This week I had what I considered to be a bit of a brainwave. Although I’m sure it has probably occurred to other people before, it hadn’t occurred to me so I was pretty excited about trying it out. And I’m pleased to report it was a roaring success, but I’m getting a bit ahead of myself. Continue reading
Here in the UK, at this time of year the plums are just turning, and will soon be past their best. If you’re lucky like me, you might have a friend with a plum tree, or even your own, but if not, you can pick up gorgeous home grown ones anywhere for a bargain. Especially if you don’t mind that they have started to look a bit squishy. Take it from me, you can still get loads of uses out of them.
Plums are grown on every continent in the world, apart from Antarctica, so the chances are that even if your local plums aren’t at their best now, your time will come soon. If you didn’t know, just one average sized plum has 113mg of potassium in it, which can help reduce your blood pressure and your risk of having a stroke. They are full of fibre, and are a low GI food, so will fill you up for longer. And, of course their beautiful colouring, caused by those anthocyanins (part of the flavonoid group of anti-oxidant) will help protect from cancer and other diseases. All good reasons then to make the most of them. Continue reading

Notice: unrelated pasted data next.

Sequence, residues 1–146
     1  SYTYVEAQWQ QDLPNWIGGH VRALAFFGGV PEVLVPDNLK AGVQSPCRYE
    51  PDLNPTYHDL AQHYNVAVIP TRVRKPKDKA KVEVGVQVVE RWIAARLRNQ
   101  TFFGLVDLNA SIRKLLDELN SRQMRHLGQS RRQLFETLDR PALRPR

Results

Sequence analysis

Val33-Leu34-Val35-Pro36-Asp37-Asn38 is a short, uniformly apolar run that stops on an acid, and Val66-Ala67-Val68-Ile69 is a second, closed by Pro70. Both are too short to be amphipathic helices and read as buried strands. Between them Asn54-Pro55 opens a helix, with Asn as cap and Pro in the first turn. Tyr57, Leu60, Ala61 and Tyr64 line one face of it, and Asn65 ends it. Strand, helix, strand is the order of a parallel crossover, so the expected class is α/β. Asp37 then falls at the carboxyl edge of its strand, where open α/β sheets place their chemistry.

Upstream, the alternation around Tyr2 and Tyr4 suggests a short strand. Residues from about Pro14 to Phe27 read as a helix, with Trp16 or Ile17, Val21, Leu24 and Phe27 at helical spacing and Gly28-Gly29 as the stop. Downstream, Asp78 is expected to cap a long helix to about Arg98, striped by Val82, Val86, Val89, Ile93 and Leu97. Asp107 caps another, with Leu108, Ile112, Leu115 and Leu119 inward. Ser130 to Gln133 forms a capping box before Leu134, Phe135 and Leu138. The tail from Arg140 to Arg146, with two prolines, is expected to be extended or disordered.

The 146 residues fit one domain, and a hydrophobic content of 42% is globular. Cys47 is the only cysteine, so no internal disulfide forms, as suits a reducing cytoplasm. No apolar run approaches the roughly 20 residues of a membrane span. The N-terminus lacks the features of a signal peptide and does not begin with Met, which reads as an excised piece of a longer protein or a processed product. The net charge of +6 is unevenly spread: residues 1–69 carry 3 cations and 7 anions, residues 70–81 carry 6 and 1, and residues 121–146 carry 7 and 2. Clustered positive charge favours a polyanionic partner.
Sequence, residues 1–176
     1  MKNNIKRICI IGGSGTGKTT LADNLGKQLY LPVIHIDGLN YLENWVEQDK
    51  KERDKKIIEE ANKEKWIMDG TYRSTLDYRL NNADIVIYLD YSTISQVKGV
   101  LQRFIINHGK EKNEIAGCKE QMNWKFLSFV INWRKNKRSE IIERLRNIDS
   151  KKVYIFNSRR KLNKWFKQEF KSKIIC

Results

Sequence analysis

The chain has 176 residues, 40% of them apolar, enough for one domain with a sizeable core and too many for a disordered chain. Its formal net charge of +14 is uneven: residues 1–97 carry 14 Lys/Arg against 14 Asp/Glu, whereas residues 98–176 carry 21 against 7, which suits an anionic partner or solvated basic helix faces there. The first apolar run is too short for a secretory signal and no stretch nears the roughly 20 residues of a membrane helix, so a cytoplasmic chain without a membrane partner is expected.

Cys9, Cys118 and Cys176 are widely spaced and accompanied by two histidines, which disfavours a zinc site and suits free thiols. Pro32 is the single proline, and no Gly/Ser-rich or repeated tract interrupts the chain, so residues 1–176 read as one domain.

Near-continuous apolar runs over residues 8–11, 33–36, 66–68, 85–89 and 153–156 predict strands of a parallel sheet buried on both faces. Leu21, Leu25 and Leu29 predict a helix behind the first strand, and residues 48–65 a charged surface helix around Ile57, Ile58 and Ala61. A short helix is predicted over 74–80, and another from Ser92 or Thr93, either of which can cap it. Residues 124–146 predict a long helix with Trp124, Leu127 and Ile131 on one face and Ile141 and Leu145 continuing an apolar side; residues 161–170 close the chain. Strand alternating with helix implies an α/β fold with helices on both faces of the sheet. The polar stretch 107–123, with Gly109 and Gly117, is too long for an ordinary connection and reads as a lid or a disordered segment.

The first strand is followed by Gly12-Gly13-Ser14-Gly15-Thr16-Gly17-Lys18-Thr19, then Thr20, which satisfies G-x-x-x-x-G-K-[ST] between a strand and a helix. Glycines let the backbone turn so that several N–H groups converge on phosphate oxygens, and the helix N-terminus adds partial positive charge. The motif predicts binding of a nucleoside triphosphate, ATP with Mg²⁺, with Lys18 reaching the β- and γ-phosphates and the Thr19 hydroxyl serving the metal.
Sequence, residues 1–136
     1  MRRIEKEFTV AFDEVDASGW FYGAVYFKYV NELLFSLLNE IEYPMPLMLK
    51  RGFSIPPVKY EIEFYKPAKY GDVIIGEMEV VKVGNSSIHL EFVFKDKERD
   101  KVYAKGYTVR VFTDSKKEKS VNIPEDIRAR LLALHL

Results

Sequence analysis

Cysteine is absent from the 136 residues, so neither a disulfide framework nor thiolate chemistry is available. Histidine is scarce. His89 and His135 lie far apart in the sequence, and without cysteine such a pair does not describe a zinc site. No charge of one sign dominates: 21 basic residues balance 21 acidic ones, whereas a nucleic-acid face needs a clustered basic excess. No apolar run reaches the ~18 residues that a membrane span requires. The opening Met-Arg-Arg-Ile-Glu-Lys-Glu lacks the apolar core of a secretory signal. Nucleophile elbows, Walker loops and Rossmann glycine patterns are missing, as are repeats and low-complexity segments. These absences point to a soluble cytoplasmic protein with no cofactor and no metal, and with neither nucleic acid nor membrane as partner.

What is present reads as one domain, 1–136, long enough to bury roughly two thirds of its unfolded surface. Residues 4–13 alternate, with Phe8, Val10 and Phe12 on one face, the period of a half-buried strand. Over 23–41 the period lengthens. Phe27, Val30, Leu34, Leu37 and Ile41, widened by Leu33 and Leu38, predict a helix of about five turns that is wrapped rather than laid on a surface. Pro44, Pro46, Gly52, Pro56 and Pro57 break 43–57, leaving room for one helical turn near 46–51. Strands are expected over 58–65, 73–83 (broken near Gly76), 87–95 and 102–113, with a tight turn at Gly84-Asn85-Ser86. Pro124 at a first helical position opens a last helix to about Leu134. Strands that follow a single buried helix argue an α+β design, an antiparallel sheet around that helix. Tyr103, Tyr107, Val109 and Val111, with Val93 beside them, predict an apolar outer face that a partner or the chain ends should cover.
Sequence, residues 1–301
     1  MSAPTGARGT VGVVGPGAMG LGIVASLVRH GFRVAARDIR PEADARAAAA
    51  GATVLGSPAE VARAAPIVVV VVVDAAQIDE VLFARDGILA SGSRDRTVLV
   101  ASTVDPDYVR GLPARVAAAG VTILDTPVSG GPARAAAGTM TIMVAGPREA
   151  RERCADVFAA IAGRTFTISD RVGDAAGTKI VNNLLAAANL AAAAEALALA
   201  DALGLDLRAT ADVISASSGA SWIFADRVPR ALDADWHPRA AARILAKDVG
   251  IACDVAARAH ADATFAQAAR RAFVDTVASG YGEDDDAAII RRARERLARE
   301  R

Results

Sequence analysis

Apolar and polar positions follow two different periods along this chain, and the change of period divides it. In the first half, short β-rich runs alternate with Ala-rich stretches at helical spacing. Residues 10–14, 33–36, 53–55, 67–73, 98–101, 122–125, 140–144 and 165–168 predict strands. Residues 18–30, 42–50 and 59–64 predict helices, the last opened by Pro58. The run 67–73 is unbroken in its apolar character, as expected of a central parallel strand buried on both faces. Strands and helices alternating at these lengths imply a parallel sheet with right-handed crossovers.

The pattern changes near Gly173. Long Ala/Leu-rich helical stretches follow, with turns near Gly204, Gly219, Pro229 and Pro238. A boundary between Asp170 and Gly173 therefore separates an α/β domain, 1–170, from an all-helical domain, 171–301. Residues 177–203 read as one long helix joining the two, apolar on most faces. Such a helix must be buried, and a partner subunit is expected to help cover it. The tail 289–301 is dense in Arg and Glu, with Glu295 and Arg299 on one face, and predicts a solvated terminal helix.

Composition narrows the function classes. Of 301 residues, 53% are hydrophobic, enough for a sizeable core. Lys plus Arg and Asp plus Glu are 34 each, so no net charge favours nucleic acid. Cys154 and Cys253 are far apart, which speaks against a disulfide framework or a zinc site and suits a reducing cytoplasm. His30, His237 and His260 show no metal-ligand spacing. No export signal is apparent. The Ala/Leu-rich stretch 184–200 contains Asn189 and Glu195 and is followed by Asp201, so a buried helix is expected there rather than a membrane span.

It does not matter which shop or market that you go into, or which veg box scheme you are signed up for, at this time of year you can not get away from pears. I’m not sure why you’d want to either. You may be lucky enough to have a pear tree in your garden, in which case, you’ll be even more over run. They do, however, have a very short shelf life, and you have to be ready to hit the ground running when someone presents you with a bag, or you pick up a bargain at the farmer’s market.
There are many reasons not to leave those pears in the fruit bowl to ripen when you’re not looking and then turn to mush but to eat them, not least being their very high fibre content. That’s going to push down the risk of developing type 2 diabetes, and developing heart disease, and stave off any mid afternoon slumps. They have been shown to reduce the risk of both colorectal cancer, as their fibre binds with secondary bile acids, thereby reducing their concentration in the intestine, and stomach cancer due to their high phytonutrient levels, in particular cinnamic acids. They are also very easy to digest, if you really need another reason. Continue reading
When you have finished making your hawthorn berry syrup and are still wondering about what to do with the masses of haws that are still on the bushes outside, you really should try making this schnapps.
I like to think of schnapps are basically the same as a herbal tincture, but in (slightly!) different size glasses. You will get all the amazing benefits to your heart’s health but more than a thimble full and the other not so good effects of the 40% alcohol will probably kick in. Still, it tastes really good with cheese and is a great way to finish a meal, and if you time it right, makes a lovely present for someone at christmas. Continue reading